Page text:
Amade' Art
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Rendezvous of Theatre and Fine Art,
        a  Collaboration with  
Boulder Ensemble Theatre  Company
The Revolutionists
Every Christmas Story Ever Told (and then some!)
Birds of North America

Guards at the Taj

Going To a Place Where You Already Are

I've really enjoyed this project. It has been very interesting working from the Theatre concept to the visual interpretation.  
It was a thrill to see them on the screen and being displayed at the productions.

Thought I would pass on the meanings of my choices of symbolism, composition, color etc. as some explanation if they are to be displayed again.

Revolutionist - The red is not just for blood but also for the passion the women had for their beliefs and the willingness to give up their lives for those beliefs.  The women were singular and united in their cause making them one with each other. I found the freed woman and
Marie Antoinette to not only be similar in dress with the tall head pieces but also in dignity and Motherhood. I found the younger woman could have become the older woman writer if she had lived and the elder writer could have been much like the younger woman in her youth. Hence the merging of the faces.

Birds - The prop of the binoculars was used by the characters to unite them in a common activity (bird watching) but also symbolized something they could never get past and actually see each other. That's why they are looking through the binoculars trying to find each other but can never quite make the connection and let down their guard (binoculars). The woman has wings like a bird because she was more free and was less bound overall by her own patterns, whereas the man is grounded, definitely fixed by his habitual ways of thinking and being.  

Christmas - A mash-up of the different Christmas motifs presented in the show.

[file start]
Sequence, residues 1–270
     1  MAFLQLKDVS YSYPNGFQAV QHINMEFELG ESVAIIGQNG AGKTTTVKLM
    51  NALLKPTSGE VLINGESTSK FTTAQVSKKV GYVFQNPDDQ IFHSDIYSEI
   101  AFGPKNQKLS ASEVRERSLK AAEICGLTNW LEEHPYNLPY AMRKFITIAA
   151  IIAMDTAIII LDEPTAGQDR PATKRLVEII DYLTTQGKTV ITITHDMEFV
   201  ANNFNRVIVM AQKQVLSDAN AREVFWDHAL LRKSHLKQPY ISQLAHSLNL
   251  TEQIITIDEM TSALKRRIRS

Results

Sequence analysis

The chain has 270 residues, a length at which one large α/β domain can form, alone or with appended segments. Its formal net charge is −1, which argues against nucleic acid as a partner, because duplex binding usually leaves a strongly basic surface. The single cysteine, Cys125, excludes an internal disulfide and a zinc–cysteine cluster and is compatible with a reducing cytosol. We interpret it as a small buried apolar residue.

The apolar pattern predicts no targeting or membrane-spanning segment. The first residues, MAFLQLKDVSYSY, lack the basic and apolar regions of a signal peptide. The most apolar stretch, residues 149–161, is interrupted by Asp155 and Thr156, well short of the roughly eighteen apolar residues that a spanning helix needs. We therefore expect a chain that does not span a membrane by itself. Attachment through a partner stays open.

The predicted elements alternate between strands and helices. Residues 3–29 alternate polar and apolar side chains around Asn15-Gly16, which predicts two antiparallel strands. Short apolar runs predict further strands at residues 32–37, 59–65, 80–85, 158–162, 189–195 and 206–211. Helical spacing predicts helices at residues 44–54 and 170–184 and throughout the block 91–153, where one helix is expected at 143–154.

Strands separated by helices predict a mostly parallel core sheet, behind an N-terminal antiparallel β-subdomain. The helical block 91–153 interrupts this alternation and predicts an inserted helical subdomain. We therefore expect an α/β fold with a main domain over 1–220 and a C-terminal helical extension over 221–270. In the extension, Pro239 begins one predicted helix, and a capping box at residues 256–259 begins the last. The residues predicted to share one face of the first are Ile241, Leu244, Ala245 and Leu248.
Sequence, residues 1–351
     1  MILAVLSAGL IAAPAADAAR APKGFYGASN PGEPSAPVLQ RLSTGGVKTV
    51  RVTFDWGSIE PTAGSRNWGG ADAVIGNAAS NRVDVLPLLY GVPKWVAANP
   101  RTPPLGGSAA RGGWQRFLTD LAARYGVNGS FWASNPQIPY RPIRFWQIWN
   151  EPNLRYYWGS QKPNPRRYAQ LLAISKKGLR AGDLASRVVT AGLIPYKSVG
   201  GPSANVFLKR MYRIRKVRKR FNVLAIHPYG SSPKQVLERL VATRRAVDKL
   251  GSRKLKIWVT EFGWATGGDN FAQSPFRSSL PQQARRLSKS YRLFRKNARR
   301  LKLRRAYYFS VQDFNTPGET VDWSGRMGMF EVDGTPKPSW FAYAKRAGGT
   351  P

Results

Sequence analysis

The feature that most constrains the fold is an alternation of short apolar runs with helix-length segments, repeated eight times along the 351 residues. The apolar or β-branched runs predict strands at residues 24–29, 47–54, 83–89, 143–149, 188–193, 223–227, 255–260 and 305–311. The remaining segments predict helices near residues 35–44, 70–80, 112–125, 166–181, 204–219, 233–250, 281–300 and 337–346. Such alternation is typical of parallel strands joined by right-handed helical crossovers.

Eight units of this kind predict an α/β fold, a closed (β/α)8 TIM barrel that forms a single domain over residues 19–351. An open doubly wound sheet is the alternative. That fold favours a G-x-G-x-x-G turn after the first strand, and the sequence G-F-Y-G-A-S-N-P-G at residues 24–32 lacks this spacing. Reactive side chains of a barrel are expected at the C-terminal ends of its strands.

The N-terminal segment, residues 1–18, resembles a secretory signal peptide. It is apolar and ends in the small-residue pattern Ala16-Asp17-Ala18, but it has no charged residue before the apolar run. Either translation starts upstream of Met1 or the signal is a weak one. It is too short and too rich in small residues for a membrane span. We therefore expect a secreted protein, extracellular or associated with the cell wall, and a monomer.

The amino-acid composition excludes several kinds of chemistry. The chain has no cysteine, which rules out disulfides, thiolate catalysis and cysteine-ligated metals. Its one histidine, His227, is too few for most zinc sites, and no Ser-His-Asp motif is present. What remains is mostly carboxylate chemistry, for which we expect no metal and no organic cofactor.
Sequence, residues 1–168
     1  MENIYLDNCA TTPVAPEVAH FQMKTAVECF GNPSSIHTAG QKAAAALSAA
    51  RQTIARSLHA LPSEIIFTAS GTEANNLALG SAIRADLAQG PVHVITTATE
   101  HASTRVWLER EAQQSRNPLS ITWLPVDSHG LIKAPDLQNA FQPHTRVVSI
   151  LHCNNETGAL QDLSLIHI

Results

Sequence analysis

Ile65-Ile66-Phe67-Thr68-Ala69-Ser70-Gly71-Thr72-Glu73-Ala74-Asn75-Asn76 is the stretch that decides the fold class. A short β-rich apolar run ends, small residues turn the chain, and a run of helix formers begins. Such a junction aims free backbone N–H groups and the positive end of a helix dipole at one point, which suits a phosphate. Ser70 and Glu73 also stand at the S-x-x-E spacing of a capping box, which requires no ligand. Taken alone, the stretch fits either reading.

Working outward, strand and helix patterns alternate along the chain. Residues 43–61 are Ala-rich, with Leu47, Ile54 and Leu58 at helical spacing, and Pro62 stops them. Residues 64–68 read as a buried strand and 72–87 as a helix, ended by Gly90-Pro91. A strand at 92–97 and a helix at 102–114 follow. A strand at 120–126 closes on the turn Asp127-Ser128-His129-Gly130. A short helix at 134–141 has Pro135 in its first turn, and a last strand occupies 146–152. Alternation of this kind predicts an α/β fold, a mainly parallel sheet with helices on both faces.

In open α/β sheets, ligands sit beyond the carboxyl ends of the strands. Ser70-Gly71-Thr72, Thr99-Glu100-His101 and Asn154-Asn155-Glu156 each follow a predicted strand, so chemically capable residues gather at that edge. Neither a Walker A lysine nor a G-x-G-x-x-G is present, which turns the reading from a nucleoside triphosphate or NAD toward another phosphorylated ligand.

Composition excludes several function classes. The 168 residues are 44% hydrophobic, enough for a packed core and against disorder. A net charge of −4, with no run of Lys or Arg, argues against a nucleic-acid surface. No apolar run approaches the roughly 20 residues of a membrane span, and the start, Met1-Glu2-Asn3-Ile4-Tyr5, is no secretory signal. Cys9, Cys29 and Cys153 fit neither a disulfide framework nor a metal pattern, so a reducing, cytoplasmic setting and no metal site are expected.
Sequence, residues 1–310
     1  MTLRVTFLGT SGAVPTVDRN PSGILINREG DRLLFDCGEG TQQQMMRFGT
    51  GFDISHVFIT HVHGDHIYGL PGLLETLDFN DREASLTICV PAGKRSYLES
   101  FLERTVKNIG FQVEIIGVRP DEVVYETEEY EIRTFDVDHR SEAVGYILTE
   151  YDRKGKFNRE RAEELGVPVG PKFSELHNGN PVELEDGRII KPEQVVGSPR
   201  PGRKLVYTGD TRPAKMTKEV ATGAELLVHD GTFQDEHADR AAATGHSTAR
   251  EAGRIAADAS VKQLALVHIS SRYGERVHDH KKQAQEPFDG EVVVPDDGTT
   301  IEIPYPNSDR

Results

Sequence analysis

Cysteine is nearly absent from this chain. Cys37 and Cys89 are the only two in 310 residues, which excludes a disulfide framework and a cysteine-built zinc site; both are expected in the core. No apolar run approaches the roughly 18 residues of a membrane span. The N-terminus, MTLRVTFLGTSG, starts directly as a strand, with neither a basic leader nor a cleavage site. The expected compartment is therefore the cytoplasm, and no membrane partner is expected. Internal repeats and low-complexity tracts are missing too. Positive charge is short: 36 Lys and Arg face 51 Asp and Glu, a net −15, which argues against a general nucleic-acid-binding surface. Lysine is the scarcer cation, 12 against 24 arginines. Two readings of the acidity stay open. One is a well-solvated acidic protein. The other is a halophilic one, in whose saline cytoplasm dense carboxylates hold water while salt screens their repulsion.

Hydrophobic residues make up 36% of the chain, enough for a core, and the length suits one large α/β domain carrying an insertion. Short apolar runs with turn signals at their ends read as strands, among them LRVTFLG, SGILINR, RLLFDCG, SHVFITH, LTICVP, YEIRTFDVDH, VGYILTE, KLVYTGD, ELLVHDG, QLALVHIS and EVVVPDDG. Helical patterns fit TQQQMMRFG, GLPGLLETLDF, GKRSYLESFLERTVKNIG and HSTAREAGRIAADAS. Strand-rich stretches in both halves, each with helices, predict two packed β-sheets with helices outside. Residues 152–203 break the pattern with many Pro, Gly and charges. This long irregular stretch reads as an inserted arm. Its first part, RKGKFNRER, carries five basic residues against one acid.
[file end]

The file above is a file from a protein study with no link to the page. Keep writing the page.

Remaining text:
Taj - The people in the foreground are the workers who built the Taj. They are in the water which is the reflecting pool which is reflecting the moon.  Water also being a symbol for cleansing. They are moving forward to transcend their cruel fate and you see them rising towards the moon. The moon is larger than the Taj referring to the lines in the play stating that the Taj is more beautiful than the moon and the response is that "No it's not." I agree on many levels in that the moon is enduring, benevolent, greater and more beautiful. The hands not only represent the amputated hands but they are in the mudra that represents Shiva who is both creator and destroyer.

Going to a Place - The woman in the background is transitioning. She is planetary and also made of stardust. The trees symbolize the planetary. The planetary aspects, at death, are dissolving and she is becoming solely what she already is, the materials that make up the universe. The man is facing the same direction and is in shadow for he does not yet know what lies ahead. He can only watch unknowingly as the woman makes her journey, the same journey he will make soon.

"Going" is much more of an interpretation of my beliefs than what was presented in the play which I had a hard time swallowing. It is interesting that the Taj also made me want to counter balance the play in my painting by giving the workers an escape from their fate.

These Paintings can be purchased at BETC 303-444-7328